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31 May 2007

Suicidal Society, Japan

This week has been suicidal week for Japan. On Monday, minister of Agriculture and Fishery, Toshikatsu Matsuoka  committed suicide by hanging himself in the Diet members' residential building. He left several suicide notes including one to the whole nation. He was amid so many scandals. On the same day, famous singer, ZARD stepped down from the stair of the hospital, where she was hospitalized for her cancer cure. She did not leave any suicide note but it was speculated that she may have committed suicide. Next day, an old man who was the head of the organization linked to the minister's scandal jumped off the building.

Then on Wednesday, a high school girl hanged herself in her school. Everyday around 100 people committed suicide. It is estimated 1,000 attempted to kill themselves. Japan's suicide probability rate is double that of the U.S.

Why, so many?

We had the tradition that valued suicide act like harakiri of Samurai. It had been considered honorable.

We live in the society that an individual cannot speak out inner-self. It is called "Culture of shame."

We are living in kind of depressed society.

The theme to live in Japanese society is how to survive in such depressed and stressful environment.

21:00 Posted in Japan News, Society | Permalink | Comments (0) | Tags: suicide, Japan

24 May 2007

TV Mini-Series "Shogun" God Cursed Sodomite!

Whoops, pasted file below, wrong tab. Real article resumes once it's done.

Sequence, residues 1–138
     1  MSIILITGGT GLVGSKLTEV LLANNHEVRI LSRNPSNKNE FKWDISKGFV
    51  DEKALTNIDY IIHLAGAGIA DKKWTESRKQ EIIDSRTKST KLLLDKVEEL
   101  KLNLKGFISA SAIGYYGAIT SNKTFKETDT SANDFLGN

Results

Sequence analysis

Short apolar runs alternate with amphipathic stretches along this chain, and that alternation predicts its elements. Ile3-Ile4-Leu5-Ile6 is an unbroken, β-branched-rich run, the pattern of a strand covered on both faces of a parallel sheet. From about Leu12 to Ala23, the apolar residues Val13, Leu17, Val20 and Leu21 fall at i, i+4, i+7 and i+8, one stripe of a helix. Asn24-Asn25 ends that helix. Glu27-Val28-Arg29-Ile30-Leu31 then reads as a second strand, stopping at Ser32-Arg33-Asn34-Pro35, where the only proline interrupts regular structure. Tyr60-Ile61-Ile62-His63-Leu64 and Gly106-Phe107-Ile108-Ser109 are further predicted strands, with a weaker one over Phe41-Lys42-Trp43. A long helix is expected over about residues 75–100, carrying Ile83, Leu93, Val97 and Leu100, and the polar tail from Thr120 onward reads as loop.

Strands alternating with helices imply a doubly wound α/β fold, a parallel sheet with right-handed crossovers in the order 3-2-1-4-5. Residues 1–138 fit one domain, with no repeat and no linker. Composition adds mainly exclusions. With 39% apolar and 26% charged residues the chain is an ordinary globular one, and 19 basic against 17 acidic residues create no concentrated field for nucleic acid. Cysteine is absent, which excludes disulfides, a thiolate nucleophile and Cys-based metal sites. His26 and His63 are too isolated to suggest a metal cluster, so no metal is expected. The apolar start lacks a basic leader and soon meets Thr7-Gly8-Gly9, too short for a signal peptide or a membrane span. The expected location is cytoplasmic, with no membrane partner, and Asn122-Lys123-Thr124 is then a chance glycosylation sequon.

I rent DVD of TV Mini Series "Shogun" aired in U.S., 1980. I remember when I first visited the U.S., American host family where I stayed played the video of this show to welcome me. It was a very popular show. So I just wanted to see it again.

The story takes place late 16th century in Japan, when Japan was not unified. An English shipper captain, John Blackthorne was saved by the Samurai Lord, Toranaga after his ship was wrecked by the heavy storm. Blackthorne then learned how to become Samurai. Later Toranaga became the shogun, the general who governs whole of Japan. Toranaga is actually named after Tokugawa Ieyasu, who founded Tokugawa dynasty that continued for 2 and half century just by his descendants.

It was almost 10 hour show. I enjoyed only first 2 hours. As for rest of the show, I fast forwarded just to see how Japan was depicted. More than half of the show was spoken in Japanese. I could not understand how American viewers could enjoy it although each Japanese conversation was interpreted by Japanese care taker woman for Blackthorne. Kind of frustrating to see for the English viewers, I wondered. But there are many new and exciting things introduced in the show especially for westerners such as Harakiri, a man and a woman taking bath together. Not common in modern Japan but typical and normal in that era.

 There was a very interesting thing even for Japanese. That proves that sometimes foreigners know better of our country's history. In the scene, Japanese care taker woman named Mariko told Blackthorne that he should choose a woman to sleep with for his health. Blackthorne declined. Then Mariko said "Do you prefer a boy?"

He was so shocked and got angry and then said "I am not God Cursed Sodomite! My intimate customs doesn't include boys." I was surprised, too. But the truth is in that era, Sodomite was considered normal in Japan.

If you want to know more about that, please read this post.  



21:00 Posted in Film | Permalink | Comments (0) | Tags: japan, samurai, gay, homosexuality, tv

19 May 2007

Short Novel: The Flight to Tokyo, Chapter 6


A story of a B-29 bomber pilot who time-travels from the war-time Tokyo to present-time.

Please read from Chapter 1 to Chapter 5 first.

 Jim and Sayuri were taking a taxi to get to where his sister, Katie was. Sayuri had been worried that how Katie would respond to Jim’s appearing. It has been 60 years since Katie parted from her brother. How would she believe that Jim was real brother who she had believed being dead. In fact, no one could believe Jim time-slipped and he was still 21 year-old man.